Is convenience devaluing products? Does quality suffer because of it?

Kind of a long hiatus posting (far too busy working on cool stuff) and for you looking for a deep technical post this may not be it… but here goes anyway since the content may also apply to my more usual subjects.

Recently I decided to discard my Luddite membership card and join the hordes of people using network-based services for music.

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How to decipher EMC’s new VNX pre-announcement and look behind the marketing.

It was with interest that I watched some of EMC’s announcements during EMC World. Partly due to competitor awareness, and partly due to being an irrepressible nerd, hoping for something really cool.

BTW: Thanks to Mark Kulacz for assisting with the proof points. Mark, as much as it pains me to admit so, is quite possibly an even bigger nerd than I am.

So… EMC did deliver something. A demo of the possible successor to VNX (VNX2?), unavailable as of this writing (indeed, a lot of fuss was made about it being lab only etc).

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So now it is OK to sell systems using “Raw IOPS”???

As the self-proclaimed storage vigilante, I will keep bringing these idiocies up as I come across them.

So, the latest “thing” now is selling systems using “Raw IOPS” numbers.

Simply put, some vendors are selling based on the aggregate IOPS the system will do based on per-disk statistics and nothing else.

They are not providing realistic performance estimates for the proposed workload, with the appropriate RAID type and I/O sizes and hot vs cold data and what the storage controller overhead will be to do everything. That’s probably too much work.

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An explanation of IOPS and latency

<I understand this extremely long post is redundant for seasoned storage performance pros – however, these subjects come up so frequently, that I felt compelled to write something. Plus, even the seasoned pros don’t seem to get it sometimes… πŸ™‚ >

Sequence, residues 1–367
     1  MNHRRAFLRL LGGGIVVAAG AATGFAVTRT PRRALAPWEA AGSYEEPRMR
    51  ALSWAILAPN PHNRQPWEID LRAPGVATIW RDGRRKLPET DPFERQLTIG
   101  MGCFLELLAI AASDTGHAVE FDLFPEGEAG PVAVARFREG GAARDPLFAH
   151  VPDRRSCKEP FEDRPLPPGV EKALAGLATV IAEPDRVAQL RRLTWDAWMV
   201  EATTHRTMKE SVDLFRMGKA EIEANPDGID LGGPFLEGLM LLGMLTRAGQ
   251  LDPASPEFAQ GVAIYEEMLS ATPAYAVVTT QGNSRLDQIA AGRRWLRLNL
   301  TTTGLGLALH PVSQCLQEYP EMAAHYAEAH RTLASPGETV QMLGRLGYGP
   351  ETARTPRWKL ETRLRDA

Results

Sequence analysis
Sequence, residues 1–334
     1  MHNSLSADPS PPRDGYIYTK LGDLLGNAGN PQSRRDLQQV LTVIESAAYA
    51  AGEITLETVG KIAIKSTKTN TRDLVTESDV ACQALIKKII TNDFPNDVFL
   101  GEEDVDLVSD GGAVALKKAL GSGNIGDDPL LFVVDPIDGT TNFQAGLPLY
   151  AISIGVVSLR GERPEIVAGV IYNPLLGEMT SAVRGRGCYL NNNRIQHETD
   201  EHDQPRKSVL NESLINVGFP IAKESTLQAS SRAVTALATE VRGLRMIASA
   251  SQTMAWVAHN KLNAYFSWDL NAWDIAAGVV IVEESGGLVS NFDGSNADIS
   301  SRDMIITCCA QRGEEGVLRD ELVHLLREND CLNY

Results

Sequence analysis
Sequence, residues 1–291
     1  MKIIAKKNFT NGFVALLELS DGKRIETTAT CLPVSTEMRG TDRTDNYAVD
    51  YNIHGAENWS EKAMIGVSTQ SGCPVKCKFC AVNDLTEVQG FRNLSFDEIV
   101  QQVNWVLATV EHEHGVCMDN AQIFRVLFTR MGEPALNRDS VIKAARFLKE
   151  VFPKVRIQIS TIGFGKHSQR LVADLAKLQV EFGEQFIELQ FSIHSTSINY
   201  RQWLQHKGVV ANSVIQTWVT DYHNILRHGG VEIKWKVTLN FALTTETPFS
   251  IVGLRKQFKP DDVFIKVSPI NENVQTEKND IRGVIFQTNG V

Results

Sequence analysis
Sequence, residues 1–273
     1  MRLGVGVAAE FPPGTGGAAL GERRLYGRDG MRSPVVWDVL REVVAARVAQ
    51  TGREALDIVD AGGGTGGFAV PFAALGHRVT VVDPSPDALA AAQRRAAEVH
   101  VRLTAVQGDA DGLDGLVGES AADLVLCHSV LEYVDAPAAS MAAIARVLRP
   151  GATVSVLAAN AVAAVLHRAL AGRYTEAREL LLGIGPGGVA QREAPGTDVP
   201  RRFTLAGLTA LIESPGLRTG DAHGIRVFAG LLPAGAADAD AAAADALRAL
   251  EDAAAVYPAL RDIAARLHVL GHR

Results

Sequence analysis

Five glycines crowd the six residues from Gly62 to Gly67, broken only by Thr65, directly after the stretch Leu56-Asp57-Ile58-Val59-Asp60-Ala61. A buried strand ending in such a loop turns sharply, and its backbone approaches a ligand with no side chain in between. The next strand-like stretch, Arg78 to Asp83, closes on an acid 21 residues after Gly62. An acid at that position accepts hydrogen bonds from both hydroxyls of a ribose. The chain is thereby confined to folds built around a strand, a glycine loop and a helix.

IOPS: Possibly the most common measure of storage system performance.

IOPS means Input/Output (operations) Per Second. Seems straightforward. A measure of work vs time (not the same as MB/s, which is actually easier to understand – simply, MegaBytes per Second).

How many of you have seen storage vendors extolling the virtues of their storage by using large IOPS numbers to illustrate a performance advantage?

How many of you decide on storage purchases and base your decisions on those numbers?

However: how many times has a vendor actually specified what they mean when they utter “IOPS”? πŸ™‚

For the impatient, I’ll say this: IOPS numbers by themselves are meaningless and should be treated as such. Without additional metrics such as RAID type, randomness, latency, read vs write % and I/O size (to name a few), an IOPS number is useless.

And now, let’s elaborate… (and, as a refresher regarding the perils of ignoring such things when it comes to sizing, you can always go back here).

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Interpreting $/IOPS and IOPS/RAID correctly for various RAID types

<Article updated with more accurate calculation>

There are some impressive new scores at storageperformance.org, with the usual crazy configurations of thousands of drives etc.

Regarding price/performance:

When looking at $/IOP, make sure you are comparing list price (look at the full disclosure report, that has all the details for each config).

Otherwise, you could get the wrong $/IOP since some vendors have list prices, others show heavy discounting.

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